The kit instructions say, "The area between the dust sleeve and the brake caliper housing must be kept dry to ensure that the dust sleeve sits correctly. Do not allow contact with ATE brake cylinder paste or brake fluid!"
Well, crap! I had just liberally coated the outside of the dust sleeve with grease before pushing it in. I read that paragraph in the kit instructions several times trying to figure out what they meant. The grease had helped the dust sleeve push in and seat correctly, so what's the problem?
Then I figured that maybe they weren't so much worried about fitting the dust sleeve, but more about keeping it seated! Yep, that's what they should have said.
Ever so gently, and with a thin wooden slat in front of the newly installed piston, I blew in a little compressed air in short bursts. As the piston moved out, the dust seal came right out of the caliper as well. The grease let it slide right out. That would be really bad news if it happened in operation on the bike. It would allow water and dirt into the caliper and up against the main piston seal. Even worse -- the dust seal could come out and lodge behind the brake pad, preventing the brake from releasing.
Here are some pictures of the old dust seal and the old piston that I recently removed:
First, here it is in normal position (note the outer part of the dust sleeve that is a light press fit into the counterbore at the top of the caliper bore):
Here's how the dust seal would be if the piston were extended way out of the caliper bore. (Even with the pad friction material completely worn away, the piston wouldn't come out this far in normal operation. This is just to show the full flex of the dust seal):
The dust sleeve flexed the other way:
I wound up removing the newly installed dust sleeve from my caliper, and then cleaning off all traces of the red rubber grease from the caliper counterbore and from the O.D. of the dust sleeve. I left the grease up inside the folds of the dust sleeve. So, this is what I think is the right way:
Now the piston will move out, expanding the dust sleeve bellows outward, but with the periphery of the sleeve staying put in the caliper counterbore. I hope this works out.
Yesterday, a friend and I made a 370 mile round trip run with the E350 to drop off his F700 down at Gateway BMW in St. Louis. That is the longest trip I've made with the van so far, and it did a great job. The Condor wheel chock is excellent also.
We found some balmy 71°F weather down there, after leaving home in fairly dense, drizzly fog for the first 50 miles or so. Gateway had the usual mundane used stuff parked outside, like this Triumph Thruxton:
I think this was a Ducati Scrambler and a Triumph Speed Triple:
An S1000 XR:
There were a whole lot more, but the outside bikes all looked about the same to my old eyes -- lots of bird beaks and lifted tail feathers. The more interesting (to me) airhead bikes, where the fenders still follow the contours of the wheels, were parked inside:
Well, mostly :
So, today I got back to a little work on the '76 R90/6. Preparatory to pulling the heads and jugs for a going-over, I took off the exhaust.
I also pulled the starter, mainly to do some cleaning. Those wire connections can look so innocent at first glance:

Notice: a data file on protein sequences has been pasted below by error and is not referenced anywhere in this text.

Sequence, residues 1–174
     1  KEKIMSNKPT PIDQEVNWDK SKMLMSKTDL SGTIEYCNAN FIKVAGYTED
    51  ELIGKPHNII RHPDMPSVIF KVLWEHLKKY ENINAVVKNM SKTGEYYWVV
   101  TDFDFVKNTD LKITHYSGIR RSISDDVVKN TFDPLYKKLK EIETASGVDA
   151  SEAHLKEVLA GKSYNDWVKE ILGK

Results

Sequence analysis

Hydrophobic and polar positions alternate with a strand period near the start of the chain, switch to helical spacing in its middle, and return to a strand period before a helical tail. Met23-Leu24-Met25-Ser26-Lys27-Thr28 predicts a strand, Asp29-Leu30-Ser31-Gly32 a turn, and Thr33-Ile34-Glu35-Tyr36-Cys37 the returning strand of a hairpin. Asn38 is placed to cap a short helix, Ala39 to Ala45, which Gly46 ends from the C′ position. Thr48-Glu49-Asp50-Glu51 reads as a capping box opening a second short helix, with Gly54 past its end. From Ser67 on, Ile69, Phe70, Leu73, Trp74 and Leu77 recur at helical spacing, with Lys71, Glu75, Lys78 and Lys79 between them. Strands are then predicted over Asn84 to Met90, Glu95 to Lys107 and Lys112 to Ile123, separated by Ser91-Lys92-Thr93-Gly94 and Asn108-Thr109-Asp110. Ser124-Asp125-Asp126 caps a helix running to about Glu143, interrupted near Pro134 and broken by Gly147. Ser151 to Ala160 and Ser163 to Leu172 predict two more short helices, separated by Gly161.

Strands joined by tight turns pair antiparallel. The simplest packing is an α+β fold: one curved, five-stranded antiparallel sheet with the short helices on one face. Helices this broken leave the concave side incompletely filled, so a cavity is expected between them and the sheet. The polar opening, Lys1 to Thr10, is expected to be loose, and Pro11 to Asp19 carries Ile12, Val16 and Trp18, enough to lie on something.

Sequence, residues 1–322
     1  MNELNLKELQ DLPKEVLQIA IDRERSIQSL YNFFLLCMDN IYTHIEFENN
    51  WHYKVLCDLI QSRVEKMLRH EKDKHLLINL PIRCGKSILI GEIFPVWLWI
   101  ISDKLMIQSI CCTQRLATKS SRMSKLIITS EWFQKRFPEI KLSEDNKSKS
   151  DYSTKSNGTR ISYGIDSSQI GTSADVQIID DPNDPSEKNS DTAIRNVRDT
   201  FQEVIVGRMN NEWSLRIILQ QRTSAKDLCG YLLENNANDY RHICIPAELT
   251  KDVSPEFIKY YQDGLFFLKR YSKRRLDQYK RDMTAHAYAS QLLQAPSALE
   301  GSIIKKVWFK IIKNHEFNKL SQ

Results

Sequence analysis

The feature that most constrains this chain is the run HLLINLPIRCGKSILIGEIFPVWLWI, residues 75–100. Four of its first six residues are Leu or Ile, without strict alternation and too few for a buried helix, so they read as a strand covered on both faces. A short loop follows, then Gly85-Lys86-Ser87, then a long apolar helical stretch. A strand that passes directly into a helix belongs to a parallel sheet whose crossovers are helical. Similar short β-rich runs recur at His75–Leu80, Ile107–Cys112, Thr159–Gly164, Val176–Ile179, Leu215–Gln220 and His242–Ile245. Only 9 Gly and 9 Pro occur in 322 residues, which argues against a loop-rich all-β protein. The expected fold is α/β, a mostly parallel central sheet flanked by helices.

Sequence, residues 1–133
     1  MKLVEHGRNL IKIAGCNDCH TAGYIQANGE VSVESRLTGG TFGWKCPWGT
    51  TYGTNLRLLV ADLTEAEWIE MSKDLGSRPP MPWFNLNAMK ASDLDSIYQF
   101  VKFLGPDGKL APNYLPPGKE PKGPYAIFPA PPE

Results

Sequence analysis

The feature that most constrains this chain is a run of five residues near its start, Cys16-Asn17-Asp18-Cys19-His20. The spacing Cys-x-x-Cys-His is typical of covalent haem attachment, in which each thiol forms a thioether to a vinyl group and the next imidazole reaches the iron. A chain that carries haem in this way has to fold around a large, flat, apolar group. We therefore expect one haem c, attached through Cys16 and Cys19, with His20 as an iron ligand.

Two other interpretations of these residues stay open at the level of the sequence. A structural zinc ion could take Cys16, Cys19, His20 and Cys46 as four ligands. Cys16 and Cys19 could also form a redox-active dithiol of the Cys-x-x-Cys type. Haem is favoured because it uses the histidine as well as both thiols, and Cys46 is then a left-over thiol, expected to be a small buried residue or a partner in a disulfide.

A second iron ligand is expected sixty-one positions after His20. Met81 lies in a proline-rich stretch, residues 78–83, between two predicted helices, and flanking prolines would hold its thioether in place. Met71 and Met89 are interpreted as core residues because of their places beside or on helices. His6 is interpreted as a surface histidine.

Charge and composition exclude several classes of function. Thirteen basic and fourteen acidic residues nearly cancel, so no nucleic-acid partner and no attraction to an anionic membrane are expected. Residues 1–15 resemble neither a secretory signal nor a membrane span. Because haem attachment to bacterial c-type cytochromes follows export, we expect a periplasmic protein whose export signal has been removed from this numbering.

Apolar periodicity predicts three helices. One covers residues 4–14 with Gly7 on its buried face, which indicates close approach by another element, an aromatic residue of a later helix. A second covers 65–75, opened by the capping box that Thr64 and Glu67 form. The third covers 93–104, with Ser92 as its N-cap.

But, a closer look shows that the investigation was worthwhile:
The old bike is looking a little more streamlined these days as it sheds some parts.
There's still a lot of cleaning and and detailing yet to go. It'll be easier with the exhaust removed. My method this time, as opposed to a total bare-frame teardown, has been to take some stuff off; clean, polish, rework as needed; store those parts; then repeat with something else. Eventually, it'll all go back together.
So far, so good.
Damn Ray - looks like we’re in sync on our Havana Gold beauties
What a great looking bike, Dave. You have really good taste in color choice! I can't wait to see these two bikes together. Let me know when you get ready for side cover paint.
I would guess I’m 4-6 weeks out if that works for you.
Uh oh...you guys are ahead of me. I'm still working on the engine with the frame at the powder coater.
Not really going to ride until April-ish though (cold, salt, etc.).
You bet, Dave, anytime is fine. Thanks for the picture. Your wheels look really nice there. I'm guessing new SS spokes from Buchanan, and a pair of new Metzlers? Are those the rear shocks that came with the bike?
Hey, Guy, no worries. Nobody works slower than I do. One advantage of multiple bike syndrome is that it takes the pressure off the projects. A salt free ride would be really good about now, but it's just a dream. We've probably had enough rain to flush off most of the salt, but the high temp today is only forecast for 17°F. Then comes another round of snow and more salt. Gotta keep plugging along with eyes on the prize(s).
We've had very unusual weather in New England. 60F yesterday, 55F this morning, 31F now, 19F tonight, 11F tomorrow. It rained a ton yesterday to wash away the salt, so I got the V-Strom out for a quick 1/2 hour ride in the narrow window where it wasn't freezing. First ride in several weeks and likely for a while.
Hi Ray - those are buchanon’s spokes/nipples, front rim was trashed so that’s a different one from Garry, not perfect but better than the bent one. :). I sold shocks that came with bike and bought a set of Hagons - they are more capable than my bike handling skills.
Hey Ray, FWIW.... when I did my R100 around 11 years ago I bought brake caliper rebuild kits from BMW. They included o-rings, seals, bolts, and a small packet of grease. I think I used one packet for both calipers and just found the other one in my tool box. Yes mine are Brembo and yours are ATE, just more fuel for the fire.